After a decade of experience in state and local government, government affairs professional Eric Bustos packed his bags to live, study and work in the nation’s capital.

“Before attending the LBJ School, I spent a decade working in government affairs in Austin primarily focused on the state and local level,” said Eric Bustos, a public affairs student in the DC Concentration.

Eric worked in Government Affairs at CapMetro, a public transportation provider in Austin. He also had experience working in the Texas Legislature and on political campaigns. 

“My experience at the local and state level was great,” he said. “Local government is the closest to the people, so you get to see in real time how your policy decisions affect people's lives.”

But he craved experience at the federal level. 


"I wanted to do two things: I wanted to get my Master's, and I wanted to work and live in DC, so the LBJ DC Concentration seemed like the perfect fit.” Eric Bustos


“I didn't have as well-rounded government affairs experience as I could in that I hadn't worked in Washington DC and been on the ground here,” Eric said. “I wanted to do two things: I wanted to get my Master's after years of thinking about it, and I wanted to work and live in DC and get that federal government experience, so for me the LBJ DC Concentration seemed like the perfect fit.”

Eric moved to Washington in May 2022. He said it’s been akin to his undergraduate study abroad experience in that it has been an immersive experience with a small, tight knit cohort. 

“I studied abroad in undergrad and that's kind of what it feels like because our cohort is a close community, having this experience of being in DC together," Eric said. "There is no substitute for the immersive experience of studying federal policy while living and working in DC.” 

Eric is currently taking a class on How Washington Works while working at the American Public Transportation Association (APTA) as a senior legislative representative on the government affairs and advocacy team. APTA is a nonprofit group that promotes and advocates for the interests of the US’ public transportation industry.

“I feel like experience at the local level has been one of the strengths that I bring to my policy apprenticeship,” he said. “From local to federal the language is different. Everyone has their own way of doing things and their own acronyms and way of talking about things, and before, sometimes it wasn’t always easy to change what language I was speaking. Now it’s easier for me to jump from different conversations and understand connections and how to work together to deliver outcomes.”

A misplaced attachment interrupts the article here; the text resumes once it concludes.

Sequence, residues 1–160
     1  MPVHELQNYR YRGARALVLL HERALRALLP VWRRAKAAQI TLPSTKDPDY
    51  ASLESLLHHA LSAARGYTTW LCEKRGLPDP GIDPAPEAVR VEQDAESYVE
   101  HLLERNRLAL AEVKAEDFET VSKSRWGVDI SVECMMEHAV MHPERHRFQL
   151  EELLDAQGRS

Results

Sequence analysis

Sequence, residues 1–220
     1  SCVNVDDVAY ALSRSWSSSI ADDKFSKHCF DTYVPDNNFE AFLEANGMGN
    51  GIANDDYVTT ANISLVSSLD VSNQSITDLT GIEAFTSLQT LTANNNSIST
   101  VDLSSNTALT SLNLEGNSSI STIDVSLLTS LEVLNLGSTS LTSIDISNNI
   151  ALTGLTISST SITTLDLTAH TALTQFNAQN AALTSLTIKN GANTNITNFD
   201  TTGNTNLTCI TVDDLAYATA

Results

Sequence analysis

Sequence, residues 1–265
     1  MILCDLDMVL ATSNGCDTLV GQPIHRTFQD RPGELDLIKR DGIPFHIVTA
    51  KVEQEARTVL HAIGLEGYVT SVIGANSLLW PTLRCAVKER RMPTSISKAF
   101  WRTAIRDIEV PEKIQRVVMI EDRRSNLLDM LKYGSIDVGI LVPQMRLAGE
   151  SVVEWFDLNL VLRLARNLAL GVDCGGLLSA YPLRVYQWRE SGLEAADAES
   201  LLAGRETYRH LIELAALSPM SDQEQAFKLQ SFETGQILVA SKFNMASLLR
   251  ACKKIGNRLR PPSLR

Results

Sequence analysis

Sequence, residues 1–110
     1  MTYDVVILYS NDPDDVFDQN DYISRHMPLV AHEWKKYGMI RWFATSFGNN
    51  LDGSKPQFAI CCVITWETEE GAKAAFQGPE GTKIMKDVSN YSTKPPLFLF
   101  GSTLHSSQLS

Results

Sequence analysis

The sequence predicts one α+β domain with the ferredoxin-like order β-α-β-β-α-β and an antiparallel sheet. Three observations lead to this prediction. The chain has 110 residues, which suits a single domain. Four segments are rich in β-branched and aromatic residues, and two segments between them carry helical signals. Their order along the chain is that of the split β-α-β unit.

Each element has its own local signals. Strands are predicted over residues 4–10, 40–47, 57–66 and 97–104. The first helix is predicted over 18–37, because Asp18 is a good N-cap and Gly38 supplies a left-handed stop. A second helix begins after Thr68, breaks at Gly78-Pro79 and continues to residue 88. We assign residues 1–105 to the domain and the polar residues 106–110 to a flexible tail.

“For me, coming here, I feel like I’m finally getting that third leg of the stool, so to speak. I feel more balanced and ready to take on any challenge,” Eric said. 

He said his cohort has also opened his mind to different opportunities in the federal policy space. 

“Everyone is doing different stuff. Some people are on the Hill. Some people are working at organizations like mine. Some people are working at lobbying firms. And so hearing everyone's different experience exposes you to possibilities you may want to explore someday,” he said.

He said DC-area alumni have also provided similar insight. “Meeting alumni, finding out where they work and what their actual day to day sounds like has been pretty revelatory. There are so many great opportunities here.”

He said people interested in the DC Concentration should know they aren’t alone when moving to Washington. 

“The strength of the alumni network here and their willingness to help you is already apparent in the first few weeks here,” he said. “You're not moving up here on your own. there's a support network here and they try their best to connect you.” 


“The strength of the alumni network here and their willingness to help you is already apparent in the first few weeks here." Eric Bustos


“I think one of the reasons I ultimately picked LBJ and one of the things I was looking for outside of the career goals and the academic goals is I wanted to have a very close knit community experience,” he said. “It was clear to me that LBJ was going to offer that.”

Eric will complete his Master’s of Public Affairs DC Concentration this year and graduate in December. From there, he said he’s staying open to the possibilities, though he has a passion for advocacy work and government affairs. 

“As long as the cause is good and aligns with my values, I see myself doing government relations and government affairs work,” he said. “But I want to be open to as many opportunities and policy areas as I can and really see where that takes me.” 

Learn more about the LBJ School’s Washington Center and its 15-month federal policy track. 

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